Although both can take your breath away, a heart attack and panic attack have two very different outcomes. A panic attack may feel as though you’re suffocating, but a heart attack truly is a life-threatening event.
The NHS explained a heart attack occurs when blood supply to the heart muscle is “suddenly interrupted”.
When this happens, the muscle may “begin to die” and symptoms of a heart attack can vary.
For example, a person who suffers from an overwhelming sense of anxiety – akin to a panic attack – could be having a heart attack.
In fact, many symptoms of a panic attack and heart attack do overlap. To illustrate, both of the conditions can lead to:
- Chest pain
- Shortness of breath
With this in mind, how can you tell the difference between the two conditions?
Additional symptoms associated with a heart attack include chest pain travelling from the chest to another body part.
Examples include chest pain travelling to the left arm, jaw, neck, back and tummy.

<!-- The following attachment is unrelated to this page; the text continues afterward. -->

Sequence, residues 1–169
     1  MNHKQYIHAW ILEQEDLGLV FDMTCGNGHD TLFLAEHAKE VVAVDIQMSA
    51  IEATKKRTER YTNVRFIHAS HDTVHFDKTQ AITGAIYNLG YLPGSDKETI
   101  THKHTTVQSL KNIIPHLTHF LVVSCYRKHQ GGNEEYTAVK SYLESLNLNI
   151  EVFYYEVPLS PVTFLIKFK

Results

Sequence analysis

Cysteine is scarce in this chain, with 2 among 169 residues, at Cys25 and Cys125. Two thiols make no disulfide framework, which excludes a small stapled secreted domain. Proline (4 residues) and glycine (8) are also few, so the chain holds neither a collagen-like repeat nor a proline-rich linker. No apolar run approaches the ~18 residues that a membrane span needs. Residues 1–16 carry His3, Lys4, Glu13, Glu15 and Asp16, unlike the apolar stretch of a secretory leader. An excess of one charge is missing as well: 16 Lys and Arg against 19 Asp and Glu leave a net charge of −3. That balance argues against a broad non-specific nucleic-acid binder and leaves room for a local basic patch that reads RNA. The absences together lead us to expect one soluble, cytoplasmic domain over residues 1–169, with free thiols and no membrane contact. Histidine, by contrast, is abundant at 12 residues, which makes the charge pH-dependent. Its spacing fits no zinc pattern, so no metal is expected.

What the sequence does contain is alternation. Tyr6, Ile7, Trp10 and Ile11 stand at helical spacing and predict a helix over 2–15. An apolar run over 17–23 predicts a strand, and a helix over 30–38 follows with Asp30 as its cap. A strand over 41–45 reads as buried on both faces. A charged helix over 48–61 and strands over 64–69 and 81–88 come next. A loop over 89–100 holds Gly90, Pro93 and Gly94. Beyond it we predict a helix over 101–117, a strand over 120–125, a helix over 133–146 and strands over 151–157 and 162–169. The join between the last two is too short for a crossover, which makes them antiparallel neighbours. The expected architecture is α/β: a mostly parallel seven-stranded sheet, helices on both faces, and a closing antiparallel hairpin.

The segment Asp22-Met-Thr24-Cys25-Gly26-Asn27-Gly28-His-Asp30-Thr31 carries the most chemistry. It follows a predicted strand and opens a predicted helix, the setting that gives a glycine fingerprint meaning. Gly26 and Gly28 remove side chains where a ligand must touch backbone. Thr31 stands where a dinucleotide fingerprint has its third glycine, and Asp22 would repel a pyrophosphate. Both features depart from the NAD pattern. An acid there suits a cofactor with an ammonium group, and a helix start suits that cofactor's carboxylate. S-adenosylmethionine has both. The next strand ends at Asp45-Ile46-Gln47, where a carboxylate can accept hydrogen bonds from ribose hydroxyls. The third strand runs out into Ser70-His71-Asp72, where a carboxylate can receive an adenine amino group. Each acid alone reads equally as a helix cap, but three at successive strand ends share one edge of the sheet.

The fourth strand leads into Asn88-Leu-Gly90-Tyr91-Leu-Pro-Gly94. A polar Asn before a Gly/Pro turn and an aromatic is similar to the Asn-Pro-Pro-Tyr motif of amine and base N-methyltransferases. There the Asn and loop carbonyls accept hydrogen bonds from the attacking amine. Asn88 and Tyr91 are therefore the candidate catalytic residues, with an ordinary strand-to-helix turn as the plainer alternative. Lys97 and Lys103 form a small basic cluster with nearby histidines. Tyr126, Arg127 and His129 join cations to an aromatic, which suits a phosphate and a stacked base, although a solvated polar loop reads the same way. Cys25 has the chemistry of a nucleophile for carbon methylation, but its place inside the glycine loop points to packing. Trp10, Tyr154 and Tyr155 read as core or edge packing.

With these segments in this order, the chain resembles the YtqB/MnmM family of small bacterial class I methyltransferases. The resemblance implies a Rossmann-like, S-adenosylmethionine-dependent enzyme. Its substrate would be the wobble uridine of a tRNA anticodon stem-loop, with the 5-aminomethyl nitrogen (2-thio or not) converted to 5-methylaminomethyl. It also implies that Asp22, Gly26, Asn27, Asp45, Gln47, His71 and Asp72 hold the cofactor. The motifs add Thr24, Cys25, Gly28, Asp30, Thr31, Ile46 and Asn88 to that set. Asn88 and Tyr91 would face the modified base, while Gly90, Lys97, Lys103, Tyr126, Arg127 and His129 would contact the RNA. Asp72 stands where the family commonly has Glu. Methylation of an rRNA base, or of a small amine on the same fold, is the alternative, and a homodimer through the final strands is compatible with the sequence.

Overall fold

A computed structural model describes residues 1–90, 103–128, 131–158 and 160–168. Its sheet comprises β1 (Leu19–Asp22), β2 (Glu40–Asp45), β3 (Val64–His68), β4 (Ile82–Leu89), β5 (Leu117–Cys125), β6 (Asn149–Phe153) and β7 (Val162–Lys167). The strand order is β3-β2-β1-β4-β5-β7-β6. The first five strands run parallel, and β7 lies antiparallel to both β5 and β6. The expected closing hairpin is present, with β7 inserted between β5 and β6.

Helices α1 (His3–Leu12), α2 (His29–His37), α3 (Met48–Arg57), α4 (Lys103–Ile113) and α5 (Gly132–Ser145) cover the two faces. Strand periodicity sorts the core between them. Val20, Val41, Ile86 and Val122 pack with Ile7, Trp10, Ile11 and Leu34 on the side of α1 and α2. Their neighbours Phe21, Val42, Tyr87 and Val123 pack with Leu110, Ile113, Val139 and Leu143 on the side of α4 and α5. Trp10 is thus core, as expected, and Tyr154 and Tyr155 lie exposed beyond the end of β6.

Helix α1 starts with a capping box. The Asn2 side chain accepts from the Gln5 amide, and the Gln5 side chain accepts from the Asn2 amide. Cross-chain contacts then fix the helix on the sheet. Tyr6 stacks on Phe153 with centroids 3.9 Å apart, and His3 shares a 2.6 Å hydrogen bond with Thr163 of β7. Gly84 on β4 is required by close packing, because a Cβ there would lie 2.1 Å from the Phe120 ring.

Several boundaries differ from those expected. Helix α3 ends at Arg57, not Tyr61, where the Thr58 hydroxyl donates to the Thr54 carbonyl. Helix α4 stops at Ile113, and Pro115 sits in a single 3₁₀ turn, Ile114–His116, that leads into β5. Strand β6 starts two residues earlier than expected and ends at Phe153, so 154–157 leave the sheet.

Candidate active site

“Paramedics would rather be called out to find an honest mistake has been made than be too late to save a person’s life,” assured the national health body.
Meanwhile, people suffering from a panic attack may experience chills and hot flushes.
Other signs of a panic attack include: a racing heartbeat, shaky limbs, a choking sensation, pins and needles, a dry mouth and ringing in the ears.
During a panic attack, “you get a rush of intense mental and physical symptoms”, explained the NHS.
Allow it to wash over you while you “breathe slowly and deeply” – the attack will pass.
Remember, “it’s not life-threatening” and try to “focus on positive, peaceful and relaxing images”.
To help prevent a further attack, it’s a good idea to “do regular physical exercise to reduce stress and tension”.
Reading a self-help book on cognitive behavioural therapy (CBT) may also be useful.
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